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The three Es of disappointment

By Sinem Bilen-Onabanjo
29 August 2020   |   4:01 am
Hard to believe, but by next week, we will have just four months of 2020 left. Between the pandemic, the lockdown, and the subsequent economic downturn, 2020 is the year that happened while we were busy making other plans

Hard to believe, but by next week, we will have just four months of 2020 left. Between the pandemic, the lockdown, and the subsequent economic downturn, 2020 is the year that happened while we were busy making other plans and passed by while we were merely trying to survive.

Almost daily, we see big corporate announcing job cuts, travel companies announcing bankruptcy, retailers announcing store closures. All around us, we’ve seen holidays, birthday parties, weddings cancelled. Look around you and the chances are you will know someone who would have cancelled a holiday, rescheduled a wedding, postponed starting a new business, or put off starting a family. Coronavirus came into our lives like a whirlwind at the start of the year and has disrupted everything in the space of a few months.

Looking back at the year we’ve had so far, almost half of which was spent hunkering down at home, a friend recently announced sombrely, “It’s been horrid!” I pondered this for a few minutes, and chose to disagree.

You may think I’ve been living under a rock to disagree with what seems like a fair assessment of the year we’ve had so far. While I appreciate that 2020 hasn’t been kind to many who’ve either lost lives, loved ones or livelihoods, it’s also been a year where the rest of us rediscovered the simple pleasures of life – like time spent at home, or the joy of spending time with family; truly spending time, baking, doing puzzles, playing games, finding ways to entertain the kids or home schooling them, rather than relying on soft play centres or plopping them in front of screens.

With most distractions unavailable during the height of the lockdown, and working from home, most of us have discovered the beauty of slowing down, not rushing every day between home and work, work and gym, drinks with friends, back home. Our longest commute was from the bedroom to the kitchen table, and most cherished the lack of ‘busyness’ that before the lockdown we all seemed to thrive on.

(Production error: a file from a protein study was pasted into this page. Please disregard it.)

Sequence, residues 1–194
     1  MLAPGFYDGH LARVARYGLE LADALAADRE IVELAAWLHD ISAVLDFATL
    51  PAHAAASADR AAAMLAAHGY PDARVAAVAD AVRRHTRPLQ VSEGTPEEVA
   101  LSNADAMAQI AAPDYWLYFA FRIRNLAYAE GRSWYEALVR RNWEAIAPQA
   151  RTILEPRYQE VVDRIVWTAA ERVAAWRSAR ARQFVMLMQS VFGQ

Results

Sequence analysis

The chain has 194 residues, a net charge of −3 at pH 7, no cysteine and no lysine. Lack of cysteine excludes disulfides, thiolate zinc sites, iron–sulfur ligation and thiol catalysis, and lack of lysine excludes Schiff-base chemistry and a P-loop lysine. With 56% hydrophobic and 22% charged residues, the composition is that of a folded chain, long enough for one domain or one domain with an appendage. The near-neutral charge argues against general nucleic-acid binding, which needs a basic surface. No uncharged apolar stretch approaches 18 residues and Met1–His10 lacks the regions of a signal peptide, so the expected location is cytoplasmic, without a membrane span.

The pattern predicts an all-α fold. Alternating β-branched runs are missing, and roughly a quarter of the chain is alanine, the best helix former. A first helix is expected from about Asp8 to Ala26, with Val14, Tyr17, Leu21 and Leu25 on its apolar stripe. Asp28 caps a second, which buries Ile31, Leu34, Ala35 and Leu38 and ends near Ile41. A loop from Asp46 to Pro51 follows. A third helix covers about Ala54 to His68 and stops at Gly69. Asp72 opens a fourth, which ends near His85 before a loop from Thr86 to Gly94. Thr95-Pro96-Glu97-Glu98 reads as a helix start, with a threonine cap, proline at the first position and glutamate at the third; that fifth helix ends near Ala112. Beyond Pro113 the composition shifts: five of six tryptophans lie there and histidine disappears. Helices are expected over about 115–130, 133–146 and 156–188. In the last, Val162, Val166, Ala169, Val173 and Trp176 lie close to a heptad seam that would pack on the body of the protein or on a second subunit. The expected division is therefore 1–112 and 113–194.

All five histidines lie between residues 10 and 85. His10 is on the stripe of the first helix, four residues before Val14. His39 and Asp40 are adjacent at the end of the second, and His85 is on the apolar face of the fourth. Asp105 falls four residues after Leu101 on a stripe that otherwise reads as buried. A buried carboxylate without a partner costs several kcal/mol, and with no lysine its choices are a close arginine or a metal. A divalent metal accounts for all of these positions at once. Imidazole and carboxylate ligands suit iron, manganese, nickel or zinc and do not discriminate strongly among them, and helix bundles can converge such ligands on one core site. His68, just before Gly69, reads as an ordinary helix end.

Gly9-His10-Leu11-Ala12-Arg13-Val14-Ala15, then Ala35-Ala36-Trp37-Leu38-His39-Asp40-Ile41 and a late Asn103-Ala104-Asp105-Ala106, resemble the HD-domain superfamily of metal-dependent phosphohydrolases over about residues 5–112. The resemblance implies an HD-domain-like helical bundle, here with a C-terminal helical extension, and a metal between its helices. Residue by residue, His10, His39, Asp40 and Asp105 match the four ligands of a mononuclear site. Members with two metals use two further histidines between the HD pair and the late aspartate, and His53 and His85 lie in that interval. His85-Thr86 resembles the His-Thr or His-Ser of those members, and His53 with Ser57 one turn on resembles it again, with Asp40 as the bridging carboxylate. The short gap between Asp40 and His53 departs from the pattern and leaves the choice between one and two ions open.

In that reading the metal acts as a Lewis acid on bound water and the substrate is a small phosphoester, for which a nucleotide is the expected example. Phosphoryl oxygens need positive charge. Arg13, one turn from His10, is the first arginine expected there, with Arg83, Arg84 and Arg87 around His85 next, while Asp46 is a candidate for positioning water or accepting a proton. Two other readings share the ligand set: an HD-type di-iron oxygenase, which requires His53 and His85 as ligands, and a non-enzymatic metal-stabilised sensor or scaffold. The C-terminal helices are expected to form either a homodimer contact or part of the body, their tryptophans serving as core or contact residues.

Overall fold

In my humble opinion, 2020 hasn’t been horrid. Granted, I enjoy a certain sort of privilege. I am grateful my life has not been impacted on by the pandemic in the way some lives have. I also realise, however, most of our disappointments are a result of three Es – expectations, ego and entitlement.

“Disappointment is the difference between our expectations and reality” it is often said. I try to start every year, by keeping expectations low. While this may sound pessimistic, it is not; there’s a difference between hope and expectation. You can hope for the best while keeping expectations low. With hope, you know good things can happen but you don’t necessarily expect them to happen; you are just delighted and grateful when they do. Think of each time you were disappointed by the outcome of an experience, an event or a new venture – it would have been almost always caused by the fact that it fell short of your expectations.

Think of those tiresome people, who go on a holiday, to spend every day of their vacation moaning about how hot it is, or how shabby the accommodation is, or how there aren’t enough activities. For someone else, the same holiday might be their best yet. The difference is the bar each person set for the holiday. I used to get really disappointed when a dinner party or a day trip didn’t turn out as I had expected; these days I am wise enough to know not many things turn out as we expect; the trick is to go with the flow and accept the reality. Immediately, any potential for disappointment instead turns into potential for surprise. Much like starting a new year, with hope and the anticipation of what it might throw at you, and how you will come out the other end, unscathed.

The second cause of disappointment is not that different from the first: our ego. The more seriously we take ourselves, the higher the risk of disappointment. You would have noticed people facing similar circumstances but tackling them very differently. For instance, redundancy – some can’t handle the idea of being dispensable and spend weeks throwing a one-man pity party while others pull themselves together, dust up the old CV and throw themselves into finding their next gig. To avoid disappointment, starve your ego, but feed your self-esteem so you can bounce back from disappointments quicker.

Finally, the last E of disappointment is ‘entitlement.’ I once read in a book that we should remember we don’t owe anything in our lives, we are just trustees. As scary as the thought was, it was also a liberating one. Imagine, you’re a trustee of your life, your job, your home, your spouse, your children. You don’t owe any of them. If either are taken away, you are meant to find consolation in the thought that you were entrusted with their care for a while only. It is a hard pill to swallow of course, especially if you’re faced with the loss of a loved one. Even the wisest amongst us would struggle with this; we are human, we claim ownership; we assume entitlement. However, imagine how much easier it would make loss to deal with if we could adopt this philosophy. How much easier letting go would be?

Admittedly, as humans we are all prone to falling prey to one if not all Es of disappointment which means we are quite easily and often disappointed.

With four months left of this year, and 2021 not much more certain in what it might have in store for us humankind, I wonder if we should start working on at least the first E and start taming our expectations?